Can Parenting Classes Help if My Child Has a Mental Illness?
Parenting classes designed for parents whose child has a mental illness can help families a great deal. Almost five million U.S. children and teens have a mental illness disruptive to daily life. Because of the staggering number, there are plenty of parenting courses designed to inform and guide parents, including you if you have a child with a mental illness. As you read this, you’ll explore how parenting classes can help as well as learn some of the courses available to you.
Parenting Classes Address the Types of Mental Illness Kids are Likely to Face
“Mental illness” is a broad term encompassing many mental disorders. You might notice that your child’s disorder falls into one of these categories:
Internalizing disorders are those that children (and adults) turn inward against themselves. These children often withdraw from others, isolate themselves, refuse to participate in activities, and/or self-harm.
The opposite of turning inward, externalizing disorders are those in which kids act out, often in highly disruptive ways. Kids with externalizing disorders are often impulsive, oppositional, argumentative, refuse to follow rules or instructions, and have meltdowns and tantrums.
Knowing how to address the behaviors caused by mental illness isn’t easy or natural. Parenting classes teach you how to respond effectively.
Parenting education classes typically address the most common mental illnesses in youth:
- Attention-deficit hyperactivity disorder (ADHD)
- Anxiety disorders
- Mood disorders (such as depression and bipolar disorder)
- Eating disorders
- Developmental disorders (such as autism spectrum disorder)
- Behavior disorders (such as oppositional defiant disorder)
- Substance use disorders
- Trauma and stressor-related disorders (such as PTSD)
- Obsessive-compulsive disorder (OCD)
- Psychotic disorders (such as schizophrenia)
- Personality disorders (different from mental illness but affecting thoughts, emotions, behaviors)
Parenting Classes Help Parents Through What They Teach
Attending parenting classes can equip you to deal with your child’s illness and thoughts, emotions, and behaviors that accompany it. You can learn parenting skills to handle good times and bad in a way that’s positive for you, your child with mental illness, and the whole family.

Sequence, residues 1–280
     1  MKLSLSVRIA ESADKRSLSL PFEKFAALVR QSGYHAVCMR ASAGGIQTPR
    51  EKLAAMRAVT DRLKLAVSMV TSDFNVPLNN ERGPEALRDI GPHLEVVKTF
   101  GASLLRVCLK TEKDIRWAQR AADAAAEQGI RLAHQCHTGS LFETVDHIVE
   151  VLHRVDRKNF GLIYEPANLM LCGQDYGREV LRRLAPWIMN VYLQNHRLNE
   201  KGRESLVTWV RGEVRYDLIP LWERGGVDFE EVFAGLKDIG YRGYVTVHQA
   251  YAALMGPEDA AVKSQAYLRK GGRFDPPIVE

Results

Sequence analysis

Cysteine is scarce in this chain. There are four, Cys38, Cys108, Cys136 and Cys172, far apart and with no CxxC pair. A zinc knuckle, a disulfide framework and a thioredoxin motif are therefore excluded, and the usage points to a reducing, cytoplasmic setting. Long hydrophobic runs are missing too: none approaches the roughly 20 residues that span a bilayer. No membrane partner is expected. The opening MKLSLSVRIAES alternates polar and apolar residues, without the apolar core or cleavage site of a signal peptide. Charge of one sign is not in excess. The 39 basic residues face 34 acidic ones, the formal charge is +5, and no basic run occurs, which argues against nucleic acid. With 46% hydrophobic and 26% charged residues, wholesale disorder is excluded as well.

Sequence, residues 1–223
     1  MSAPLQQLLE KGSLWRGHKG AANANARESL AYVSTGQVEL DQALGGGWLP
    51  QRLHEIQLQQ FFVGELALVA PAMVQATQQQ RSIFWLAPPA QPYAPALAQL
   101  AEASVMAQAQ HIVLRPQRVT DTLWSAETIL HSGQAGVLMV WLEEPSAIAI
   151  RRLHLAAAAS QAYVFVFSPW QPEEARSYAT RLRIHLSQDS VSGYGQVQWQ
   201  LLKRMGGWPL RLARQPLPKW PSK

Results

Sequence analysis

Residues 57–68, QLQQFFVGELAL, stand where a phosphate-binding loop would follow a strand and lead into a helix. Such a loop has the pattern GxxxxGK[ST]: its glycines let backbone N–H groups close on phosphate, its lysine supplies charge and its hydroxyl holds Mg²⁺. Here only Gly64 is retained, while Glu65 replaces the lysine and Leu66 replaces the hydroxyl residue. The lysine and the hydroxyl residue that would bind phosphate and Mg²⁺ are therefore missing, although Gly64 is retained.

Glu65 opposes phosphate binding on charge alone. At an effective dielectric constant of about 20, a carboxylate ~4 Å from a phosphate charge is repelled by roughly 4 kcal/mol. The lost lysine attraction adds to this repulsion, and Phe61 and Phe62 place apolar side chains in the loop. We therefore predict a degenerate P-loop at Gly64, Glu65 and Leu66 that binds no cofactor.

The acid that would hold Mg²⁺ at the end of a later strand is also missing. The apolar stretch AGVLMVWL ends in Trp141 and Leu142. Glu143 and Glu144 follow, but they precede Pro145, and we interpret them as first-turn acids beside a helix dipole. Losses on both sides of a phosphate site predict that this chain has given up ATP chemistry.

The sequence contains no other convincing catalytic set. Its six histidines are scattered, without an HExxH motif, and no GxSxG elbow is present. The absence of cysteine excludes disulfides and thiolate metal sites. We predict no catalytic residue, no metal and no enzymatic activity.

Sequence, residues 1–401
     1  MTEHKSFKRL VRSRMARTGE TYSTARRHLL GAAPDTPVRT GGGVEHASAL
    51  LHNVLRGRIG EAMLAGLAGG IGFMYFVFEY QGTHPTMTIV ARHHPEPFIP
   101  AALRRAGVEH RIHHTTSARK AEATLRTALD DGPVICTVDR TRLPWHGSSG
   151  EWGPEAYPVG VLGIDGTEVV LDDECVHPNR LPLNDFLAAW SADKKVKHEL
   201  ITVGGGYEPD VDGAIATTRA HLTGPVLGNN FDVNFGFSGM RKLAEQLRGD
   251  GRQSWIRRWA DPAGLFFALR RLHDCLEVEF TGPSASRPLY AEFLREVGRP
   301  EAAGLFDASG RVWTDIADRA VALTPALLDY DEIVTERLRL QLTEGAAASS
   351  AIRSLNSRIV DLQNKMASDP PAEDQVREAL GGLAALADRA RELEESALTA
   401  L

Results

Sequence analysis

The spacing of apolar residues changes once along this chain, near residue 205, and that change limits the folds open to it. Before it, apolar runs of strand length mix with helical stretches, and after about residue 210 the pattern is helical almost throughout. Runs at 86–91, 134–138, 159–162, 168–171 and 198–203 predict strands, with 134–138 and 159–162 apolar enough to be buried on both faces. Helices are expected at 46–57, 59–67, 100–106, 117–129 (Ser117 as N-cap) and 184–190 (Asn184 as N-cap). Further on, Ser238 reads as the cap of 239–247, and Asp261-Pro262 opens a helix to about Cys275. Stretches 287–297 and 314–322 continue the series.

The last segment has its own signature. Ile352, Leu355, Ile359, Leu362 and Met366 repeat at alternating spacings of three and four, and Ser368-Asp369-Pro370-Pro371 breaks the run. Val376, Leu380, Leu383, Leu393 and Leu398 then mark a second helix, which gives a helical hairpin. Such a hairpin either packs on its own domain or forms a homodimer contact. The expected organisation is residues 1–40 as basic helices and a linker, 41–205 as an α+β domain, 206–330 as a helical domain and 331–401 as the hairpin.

Specific topics can include:
- How to talk to your child during an outburst or when they pull away and don’t want to talk to you
- Effective ways to discipline
- How to use positive reinforcement and praise to encourage the behaviors you want
- What expectations are realistic
- How to be consistent when your child’s symptoms are inconsistent
- Tips for using point charts, token economics
- Working with schools, talking with teachers and administrators, enlisting the help of the school counselor, exploring 504 plans or individualized education plans (IEPs)
Parenting courses differ. Not every program addresses all topics, and some teach things not listed. By discovering and researching the types of programs for parents of children with mental illness, you can find one that is the right fit for you and your family. The following list of national programs can get you started in the right direction.
Examples of Parenting Classes for Families with Mentally Ill Children
Parenting programs are similar in nature but vary in specifics. Some are taught by professionals like psychologists, while others are led by fellow parents who have been trained after completing a parenting program themselves.
Classes can be broad or tailored to age, symptoms, or severity. Typically, courses have weekly sessions for 10 or more weeks, but this can vary.
Each program has its own structure. Some involve the leader and parents in one room learning and discussing information, exchanging stories, and role-playing to practice new skills learned in the parenting lessons. Parents of younger kids attend without their child, whereas in adolescent programs, teens often attend classes with their parents.
Other parenting education programs work one-on-one with parents and their child. Parent and child interact in one room while the therapist watches from behind a one-way window. The therapist provides immediate feedback and instruction to the parent via earbuds.
Still others are online. While taking parenting classes online doesn’t provide the connection with other parents or role-play opportunities, online courses do offer convenience and frequently the ability to pause, replay, and revisit the lessons.
Among the prominent courses:
- The Parent Center with its Parent-Child-Interaction Therapy programs (PCITs) and Community Parent Resource Centers (CPRCs)
- Parent Management Training (PMT) for parents with kids aged 3-13
- Parent-Child Interaction Therapy (PCIT) designed for parents with kids aged 2-7
- The Incredible Years for a variety of parent-specific needs
- Smarter Parenting for parents of children with specific mental illnesses
- NAMI Family-to-Family for parents of children of all ages, all illnesses
Any parenting class can enrich your family life, foster a positive relationship with your child living with mental illness, and boost your own wellbeing. These classes also focus on learning balance and self-care. Perhaps the greatest benefit of any parenting class is developing the ability to create a new normal in your home.
Peterson, T. (2019, June 28). Can Parenting Classes Help if My Child Has a Mental Illness?, HealthyPlace. Retrieved on 2019, September 21 from https://www.healthyplace.com/parenting/children-with-mental-illness/can-parenting-classes-help-if-my-child-has-a-mental-illness